“Let everything that breathes praise God.” (Psalm 150:6)
“For the Giver, for the gifts, Praise, praise, praise!” (Al Carmines)
I begin each Sunday morning service with the words of the Psalmist, “this is the day that God has made, let us rejoice and be glad in it.” I believe this affirmation sets the tone for the words and music to come. A progressive faith is a joyful faith, born of commitment to loving God in the flesh and blood world of domestic life, politics, abundance and poverty, aging, and sickness and healing. A progressive faith is affirmative, grateful for what has been, but delighted to be part of God’s next adventures and willing to support God’s vision in the world and our lives.
The heartbeat of progressive faith is a sense of God’s diverse embodiment in the world. God is known in many ways and through all the senses, and God’s praise is sung by many voices, both human and non-human. On Cape Cod, where I live and pastor, I remind our congregation that God’s wisdom is reflected in the flying osprey, the shimmering waves of Nantucket Sound, the sporting of whales, the hymns of coyotes, the laughter of children, and the compassionate sighs of older adults. The varieties of religious experience call forth hymns and songs, emerging from the varieties of cultures, personality types, and religious expressions. Our worship and song reflects this diversity. We join in sacred worship traditional and contemporary, North American and African, and European and Asian. We chant hymns from Taize and melodies from Iona, and dance to “Siyahamba” (We are marching in the light of God), sometimes in the same service.
It has been said that when you sing you pray twice, and our singing is a lifting of our hearts to the ever-living, ever-moving, and ever-abundant God. Our music moves us, joining body, mind, and spirit and heart and hands. Our music emerges in dialogue with our theological adventures and reminds us that we can embody a creative synthesis of Reformed, Evangelical, Pentecostal, Mystical, and Progressive in the same service and in the same faith. Being Progressive invites us to expand rather than contract our images and language for God. While my preference is for inclusive, non-gendered language, I have come to realize that using images of rock, wind, fire, waves, as well as male and female, Father and Mother, expresses the larger visions of our faith. Our faith is about more, not less, and a larger understanding of God’s movements in our lives and in the world.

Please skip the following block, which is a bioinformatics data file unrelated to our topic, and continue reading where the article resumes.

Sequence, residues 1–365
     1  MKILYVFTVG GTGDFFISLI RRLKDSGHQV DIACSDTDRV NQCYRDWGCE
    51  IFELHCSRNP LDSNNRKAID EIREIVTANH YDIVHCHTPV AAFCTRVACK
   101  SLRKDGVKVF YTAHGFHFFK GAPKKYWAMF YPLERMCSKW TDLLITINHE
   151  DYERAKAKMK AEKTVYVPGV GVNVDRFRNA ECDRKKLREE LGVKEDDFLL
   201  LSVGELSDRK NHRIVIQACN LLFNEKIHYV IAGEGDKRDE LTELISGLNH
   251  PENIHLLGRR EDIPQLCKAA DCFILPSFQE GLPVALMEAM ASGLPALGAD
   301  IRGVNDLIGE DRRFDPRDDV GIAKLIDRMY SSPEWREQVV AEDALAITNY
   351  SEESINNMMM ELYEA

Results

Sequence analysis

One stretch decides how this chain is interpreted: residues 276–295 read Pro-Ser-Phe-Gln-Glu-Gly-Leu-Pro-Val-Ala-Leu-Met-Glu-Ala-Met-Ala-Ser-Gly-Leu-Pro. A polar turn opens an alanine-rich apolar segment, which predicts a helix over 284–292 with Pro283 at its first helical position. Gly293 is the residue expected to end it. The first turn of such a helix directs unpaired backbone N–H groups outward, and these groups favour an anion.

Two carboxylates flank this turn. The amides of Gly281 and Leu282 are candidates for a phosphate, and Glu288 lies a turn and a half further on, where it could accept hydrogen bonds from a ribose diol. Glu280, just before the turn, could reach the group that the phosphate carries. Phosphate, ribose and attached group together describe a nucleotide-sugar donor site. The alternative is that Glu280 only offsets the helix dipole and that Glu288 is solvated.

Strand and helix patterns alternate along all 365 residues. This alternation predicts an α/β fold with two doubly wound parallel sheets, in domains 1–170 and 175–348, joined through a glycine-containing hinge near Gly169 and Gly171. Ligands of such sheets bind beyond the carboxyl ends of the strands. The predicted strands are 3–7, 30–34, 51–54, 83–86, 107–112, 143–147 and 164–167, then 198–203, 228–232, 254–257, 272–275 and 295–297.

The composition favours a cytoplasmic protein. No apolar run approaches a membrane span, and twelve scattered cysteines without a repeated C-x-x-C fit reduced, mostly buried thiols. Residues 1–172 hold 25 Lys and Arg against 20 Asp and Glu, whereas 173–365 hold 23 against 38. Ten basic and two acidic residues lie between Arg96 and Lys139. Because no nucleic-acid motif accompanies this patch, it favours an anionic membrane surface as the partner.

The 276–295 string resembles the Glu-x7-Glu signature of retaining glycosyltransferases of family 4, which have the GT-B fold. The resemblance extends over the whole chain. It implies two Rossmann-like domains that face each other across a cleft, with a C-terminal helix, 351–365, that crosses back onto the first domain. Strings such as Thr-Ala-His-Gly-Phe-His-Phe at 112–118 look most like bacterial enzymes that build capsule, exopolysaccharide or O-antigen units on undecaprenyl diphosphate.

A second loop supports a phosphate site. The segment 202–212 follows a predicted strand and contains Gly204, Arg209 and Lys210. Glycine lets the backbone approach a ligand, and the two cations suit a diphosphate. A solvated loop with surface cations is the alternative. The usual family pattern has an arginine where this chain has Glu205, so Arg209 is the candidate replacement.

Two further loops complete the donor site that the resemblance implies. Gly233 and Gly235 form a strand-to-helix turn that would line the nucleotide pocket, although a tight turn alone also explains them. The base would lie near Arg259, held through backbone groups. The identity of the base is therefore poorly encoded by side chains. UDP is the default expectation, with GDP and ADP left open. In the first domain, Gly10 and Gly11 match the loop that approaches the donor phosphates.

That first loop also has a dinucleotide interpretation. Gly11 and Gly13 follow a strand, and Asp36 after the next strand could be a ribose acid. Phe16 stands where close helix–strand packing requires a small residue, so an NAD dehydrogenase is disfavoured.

Music grounds our theology in embodiment and song. The hymns we sing in their variety of culture and emotion remind us that theology is concrete, dynamic, and living. Theological abstractions, whether articulated by liberals or conservatives, can never describe the mysteries, ambiguities, and wonders of human life. In our songs, we find ourselves laughing, dancing, and sometimes crying. We discover that progressive means openness to the varieties of religious experiences – we can anoint with oil, pray under our breaths, pause for silent prayer, and shout our joy, all in an inclusive and open-spirited environment. Our commitment to various types of music gives permission to experience the full range of experience, defying the stereotypes of liberal and conservative, mainline and evangelical, contemplative and Pentecostal.
Let me conclude this brief meditation with words from Al Carmines’ “God of Change and Glory,” also known as “Many Gifts, One Spirit.” I believe these words capture the spirit of progressive music in sacred community.
God of change and glory, God of time and space,
When we fear the future, give to us your grace.
In the midst of changing ways give us still the grace to praise.
Many gifts, one Spirit, one love known in many ways.
In our difference is blessing, from diversity we praise
One Giver, one Lord, one Spirit, one Word
Known in many ways, hallowing our days.
For the Giver, for the gifts, praise, praise, praise!
God of many colors, God of many signs,
You have made us different, blessing many kinds.
As the old ways disappear, let your love cast out our fear.
Freshness of the morning, newness of each night,
You are still creating endless love and light.
This we see, as shadows part, many gifts from one great heart.
Bruce Epperly is Pastor of South Congregational Church, United Church of Christ, Centerville, Massachusetts and the author of over thirty books, including Tending to the Holy: The Practice of the Presence of God in Ministry; Process Theology: Embracing Adventure with God; Healing Marks: Healing and Spirituality in Mark’s Gospel; and A Center in the Cyclone: 21st Century Ministerial Self-care. He can be reached at firstname.lastname@example.org